Weekend Roundup: June 16-22, 2012

by An Hertogen

This week on Opinio Juris, we continued last week’s discussion on the US debate on ratification of the UN Convention on the Law of the Sea with a follow-up post by Craig Allen, addressing the Convention’s extended continental shelf revenue sharing and its compulsory dispute settlement. John Noyes’ response to last week’s post by Steven Groves discussed why ratification would create more stability for US claims with respect to the extended continental shelf. He also responded to Jeremy Rabkin’s concerns about compulsory arbitration, but the latter didn’t find the precedents on compulsory arbitration reassuring.

Another symposium this week focused on Paul Schiff Berman’s book “Global Legal Pluralism: A Jurisprudence of Law Beyond Borders”. The symposium, introduced here by Peter Spiro, kicked off with a post by Paul Berman outlining the book’s argument. Jeff Dunoff criticized the book for paying insufficient attention to the issue of international regime interaction; Janet Levin offered suggestions of how the work could push beyond its own boundaries; and David Zaring applied Berman’s cosmopolitanism to international financial regulation. Peter Spiro offered two thoughts on community formation and the role of international law to test, and if necessary, limit community practices. Hari Osofsky commented that there are multiple visions possible of global scale and worried about inequality in legal orderings. Paul Berman’s closing post offered “three responses and a quibble”.

A stand-alone guest post by Jonathan Hafetz discussed how habeas reviews of Guantanamo detentions turn a blind eye to the length of the detention.

In our regular posts, Duncan Hollis discussed the parallels between the Enrica Lexie dispute between India and Italy and the seminal Lotus case; Roger Alford discussed how extraterritorial application of the US Foreign Corrupt Practices Act could jumpstart anti-corruption prosecution in other OECD countries, and Julian Ku posted about Germany v Greece in the Euro 2012.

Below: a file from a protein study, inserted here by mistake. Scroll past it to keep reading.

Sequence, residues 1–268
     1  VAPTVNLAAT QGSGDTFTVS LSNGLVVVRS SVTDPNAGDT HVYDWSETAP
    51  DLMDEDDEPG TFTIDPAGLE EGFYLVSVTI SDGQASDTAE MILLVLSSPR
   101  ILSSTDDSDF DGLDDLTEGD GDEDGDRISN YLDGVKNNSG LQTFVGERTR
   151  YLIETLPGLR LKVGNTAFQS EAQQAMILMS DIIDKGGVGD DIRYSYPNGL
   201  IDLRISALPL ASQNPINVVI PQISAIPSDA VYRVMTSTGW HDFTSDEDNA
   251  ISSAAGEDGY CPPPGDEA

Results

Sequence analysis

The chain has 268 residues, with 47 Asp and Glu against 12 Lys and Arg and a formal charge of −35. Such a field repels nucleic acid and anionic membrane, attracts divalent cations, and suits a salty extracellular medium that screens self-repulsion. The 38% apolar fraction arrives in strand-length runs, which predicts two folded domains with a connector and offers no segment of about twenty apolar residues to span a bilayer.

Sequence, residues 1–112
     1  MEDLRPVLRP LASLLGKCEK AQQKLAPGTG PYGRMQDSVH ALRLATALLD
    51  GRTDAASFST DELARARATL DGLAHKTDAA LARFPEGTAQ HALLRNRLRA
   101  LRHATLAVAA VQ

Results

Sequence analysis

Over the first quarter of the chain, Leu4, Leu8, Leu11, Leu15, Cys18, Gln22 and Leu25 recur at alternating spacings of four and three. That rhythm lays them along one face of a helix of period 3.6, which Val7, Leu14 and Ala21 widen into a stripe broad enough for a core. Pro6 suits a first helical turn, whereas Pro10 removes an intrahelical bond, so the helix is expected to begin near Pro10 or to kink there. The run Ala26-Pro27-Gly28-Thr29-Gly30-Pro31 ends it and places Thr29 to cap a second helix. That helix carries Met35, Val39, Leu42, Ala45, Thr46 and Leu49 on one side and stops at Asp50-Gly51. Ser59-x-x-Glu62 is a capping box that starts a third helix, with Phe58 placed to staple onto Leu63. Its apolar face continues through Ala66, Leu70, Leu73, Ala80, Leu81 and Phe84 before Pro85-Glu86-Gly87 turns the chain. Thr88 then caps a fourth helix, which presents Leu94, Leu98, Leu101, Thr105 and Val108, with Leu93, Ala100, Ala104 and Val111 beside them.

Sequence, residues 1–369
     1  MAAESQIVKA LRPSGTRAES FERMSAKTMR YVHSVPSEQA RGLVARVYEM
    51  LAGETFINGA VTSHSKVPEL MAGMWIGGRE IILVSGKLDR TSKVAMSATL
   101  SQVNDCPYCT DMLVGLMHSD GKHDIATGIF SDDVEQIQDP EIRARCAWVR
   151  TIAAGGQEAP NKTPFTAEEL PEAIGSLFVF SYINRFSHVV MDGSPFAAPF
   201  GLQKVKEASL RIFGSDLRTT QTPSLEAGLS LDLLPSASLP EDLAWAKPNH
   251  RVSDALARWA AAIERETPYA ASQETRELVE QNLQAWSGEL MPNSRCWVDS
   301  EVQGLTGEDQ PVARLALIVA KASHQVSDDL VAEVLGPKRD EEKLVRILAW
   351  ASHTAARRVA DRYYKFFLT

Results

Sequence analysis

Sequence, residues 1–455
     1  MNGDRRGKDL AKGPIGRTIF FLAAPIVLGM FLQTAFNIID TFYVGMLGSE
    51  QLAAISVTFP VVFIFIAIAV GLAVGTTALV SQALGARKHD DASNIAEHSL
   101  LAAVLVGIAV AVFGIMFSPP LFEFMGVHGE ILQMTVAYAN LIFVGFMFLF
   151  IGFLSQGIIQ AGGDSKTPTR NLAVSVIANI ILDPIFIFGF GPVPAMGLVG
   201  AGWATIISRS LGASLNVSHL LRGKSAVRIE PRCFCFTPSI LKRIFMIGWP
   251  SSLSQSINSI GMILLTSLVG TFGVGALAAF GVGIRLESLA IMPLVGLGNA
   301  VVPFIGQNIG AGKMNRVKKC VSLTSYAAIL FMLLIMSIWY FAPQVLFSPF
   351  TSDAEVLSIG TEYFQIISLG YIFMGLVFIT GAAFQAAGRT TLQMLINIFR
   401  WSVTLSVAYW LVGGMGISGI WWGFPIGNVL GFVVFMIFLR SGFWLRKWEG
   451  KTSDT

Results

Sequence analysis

Peter Spiro asked whether the pending Supreme Court ruling on Arizona’s SB1070 will make any difference and whether Julian Assange will live out his days in the Ecuadorian Embassy in London. Peter also pointed to the plight of persons of South Sudanese descent residing in Sudan who have become stateless after South Sudan’s secession.

As always, Kevin Jon Heller kept us up-to-date with ICC news, discussing the ICC’s Appeals Chamber’s “farewell present” to Moreno-Ocampo. He continued to write about Melinda Taylor’s detention in Libya, criticizing Australian’s foreign minister’s radio interview on the issue as well as the reporting on the reasons for her detention in the Libya Times. He followed up with a Guardian article reporting that Melinda Taylor is being interrogated. Kevin also thought that the ICC was risking its credibility with its statement on Melinda Taylor’s detention. In a more technical post, Kevin explained his argument regarding article 89(2) Rome Statute and the obligation to surrender.

Deborah Pearlstein drew our attention to Anne-Marie Slaughter’s candid article about work-life balance for professional women. Since you’re probably reading this during the weekend, I will stop interfering with your work-life balance and just quickly point out that it’s not too late yet to participate in our readers’ survey and enter the sweepstakes to win a $100 Amazon gift voucher.

Thank you very much to our guest contributors and have a nice weekend!


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